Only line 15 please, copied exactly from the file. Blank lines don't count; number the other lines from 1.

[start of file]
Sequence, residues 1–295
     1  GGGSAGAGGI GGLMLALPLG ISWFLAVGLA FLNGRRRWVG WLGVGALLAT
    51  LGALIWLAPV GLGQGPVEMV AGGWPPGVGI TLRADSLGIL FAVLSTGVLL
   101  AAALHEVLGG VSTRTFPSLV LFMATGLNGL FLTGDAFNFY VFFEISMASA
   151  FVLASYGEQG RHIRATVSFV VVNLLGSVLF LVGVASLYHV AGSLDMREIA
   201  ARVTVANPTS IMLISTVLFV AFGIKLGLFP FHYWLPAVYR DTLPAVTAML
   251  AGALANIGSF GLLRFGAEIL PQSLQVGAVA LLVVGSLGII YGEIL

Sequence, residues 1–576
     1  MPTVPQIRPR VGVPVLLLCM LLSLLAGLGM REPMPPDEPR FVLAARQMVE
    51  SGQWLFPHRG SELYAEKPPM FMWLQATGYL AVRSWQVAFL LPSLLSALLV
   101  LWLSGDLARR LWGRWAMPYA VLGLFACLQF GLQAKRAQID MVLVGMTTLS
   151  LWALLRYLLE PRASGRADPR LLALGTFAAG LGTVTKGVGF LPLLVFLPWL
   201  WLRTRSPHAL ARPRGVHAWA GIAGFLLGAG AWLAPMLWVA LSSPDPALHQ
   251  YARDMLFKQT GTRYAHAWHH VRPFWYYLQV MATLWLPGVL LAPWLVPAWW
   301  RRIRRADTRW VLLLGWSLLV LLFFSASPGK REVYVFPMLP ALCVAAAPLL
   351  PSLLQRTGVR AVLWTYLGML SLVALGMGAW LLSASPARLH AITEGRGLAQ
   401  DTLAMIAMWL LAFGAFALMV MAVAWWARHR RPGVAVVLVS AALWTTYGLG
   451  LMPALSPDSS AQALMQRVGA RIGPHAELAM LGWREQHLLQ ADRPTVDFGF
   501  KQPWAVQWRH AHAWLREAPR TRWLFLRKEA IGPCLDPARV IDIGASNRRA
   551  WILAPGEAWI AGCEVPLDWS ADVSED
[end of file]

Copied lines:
   301  RRIRRADTRW VLLLGWSLLV LLFFSASPGK REVYVFPMLP ALCVAAAPLL